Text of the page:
Human Rights Watch has documented hundreds of cases of Syrians being forcibly returned to Syria by Turkish authorities. In April, the organization reported that Turkish border guards were indiscriminately shooting Syrian civilians on the border and using excessive force against those trying to cross into Turkish territory. 

Domestic scapegoating of refugees has taken a toll on Abdo’s family. “My nine-year-old son faces racism at the school, and he now refuses to go to school,” he said. The family is considering migrating to a third country “where there’s a safer future and less racism.” 

Abdo owns a car dealership in Hatay, and up until two years ago planned to build a life in Turkey. “Two years ago, I felt I had stability, but due to the increased racism against Syrians and the insecurity of deportation I feel I have no future here anymore,” he said.  

Syria is not an option either. “In Syria there’s no security. You face armed groups or the Syrian regime army and its militias,” Abdo added. “My children have no future in Syria.”

A United Nations survey published this month found that insecurity and a lack of livelihoods were the main obstacles for Syrians to return. The study, conducted in Egypt, Lebanon, Jordan, and Iraq, found that 93.5 percent of Syrian refugees did not intend to return in the next 12 months, but that 25.2 percent hoped to return within five years.  In 2022, 33,953 Syrians voluntarily returned from Turkey, according to the UN.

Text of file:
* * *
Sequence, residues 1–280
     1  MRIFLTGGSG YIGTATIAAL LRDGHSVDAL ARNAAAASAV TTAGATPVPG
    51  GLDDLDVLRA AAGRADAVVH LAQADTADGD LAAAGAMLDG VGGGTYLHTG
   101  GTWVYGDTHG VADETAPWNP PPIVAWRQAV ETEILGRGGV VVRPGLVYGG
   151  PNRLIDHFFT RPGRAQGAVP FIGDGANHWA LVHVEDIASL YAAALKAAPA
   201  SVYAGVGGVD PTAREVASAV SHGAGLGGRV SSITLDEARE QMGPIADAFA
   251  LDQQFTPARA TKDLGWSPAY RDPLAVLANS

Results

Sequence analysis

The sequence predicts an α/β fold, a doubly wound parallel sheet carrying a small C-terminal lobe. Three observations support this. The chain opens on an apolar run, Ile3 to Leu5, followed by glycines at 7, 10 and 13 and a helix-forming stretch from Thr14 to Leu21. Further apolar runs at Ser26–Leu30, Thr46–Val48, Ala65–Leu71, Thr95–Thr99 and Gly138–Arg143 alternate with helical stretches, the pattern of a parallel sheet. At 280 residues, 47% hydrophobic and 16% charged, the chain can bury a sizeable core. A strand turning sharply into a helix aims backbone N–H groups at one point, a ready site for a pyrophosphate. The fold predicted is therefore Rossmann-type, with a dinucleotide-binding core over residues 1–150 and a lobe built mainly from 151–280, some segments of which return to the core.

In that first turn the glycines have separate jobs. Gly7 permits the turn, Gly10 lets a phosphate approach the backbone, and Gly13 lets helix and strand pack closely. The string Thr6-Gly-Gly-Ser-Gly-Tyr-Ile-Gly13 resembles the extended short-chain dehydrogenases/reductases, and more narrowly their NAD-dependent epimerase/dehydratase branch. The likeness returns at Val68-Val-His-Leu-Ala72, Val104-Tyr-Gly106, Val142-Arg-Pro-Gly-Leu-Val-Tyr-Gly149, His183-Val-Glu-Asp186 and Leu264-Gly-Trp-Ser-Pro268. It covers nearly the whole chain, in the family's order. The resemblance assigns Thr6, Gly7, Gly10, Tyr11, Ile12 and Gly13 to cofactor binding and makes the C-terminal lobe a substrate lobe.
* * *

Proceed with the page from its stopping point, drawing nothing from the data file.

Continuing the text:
Erdoğan’s Syria policy vindicated?

After renewing his mandate as president, and with a majority of seats in parliament, Erdoğan is expected to feel vindicated regarding his policy towards Syria, where Turkish-backed Syrian factions control a wide swath of the country’s northwest.

In the northeast, the frozen situation on the ground—controlled by Kurdish authorities and the United States-backed Syrian Democratic Forces (SDF)—is likely to continue. “The Syrian Kurds would try to play on increased Western animosity towards Erdoğan and see what that can get them, but it seems they’ll be stuck playing a delicate balancing act that they have been over the last five years,” Nicholas Danforth, a Non–Resident Fellow at The Hellenic Foundation for European and Foreign Policy (ELIAMEP), told Syria Direct before the election.

Within broader regional steps to normalize relations with Bashar al-Assad, who was welcomed back to the Arab League this month, Erdoğan is expected to continue his strategy to also mend ties with Damascus. 

“It’s clearly been Erdoğan who has been pushing for it [rapprochement],” Danforth said. Russia seems to be  “doing a bit more to push Assad to accommodate Turkish demands, but it still seems like the process is going to remain deadlocked for the foreseeable future, simply because the expectation that both sides have of rapprochement are too far apart,” he said.

Damascus demands a complete Turkish withdrawal from northern Syria as a precondition for dialogue.

*Pseudonym used for security reasons.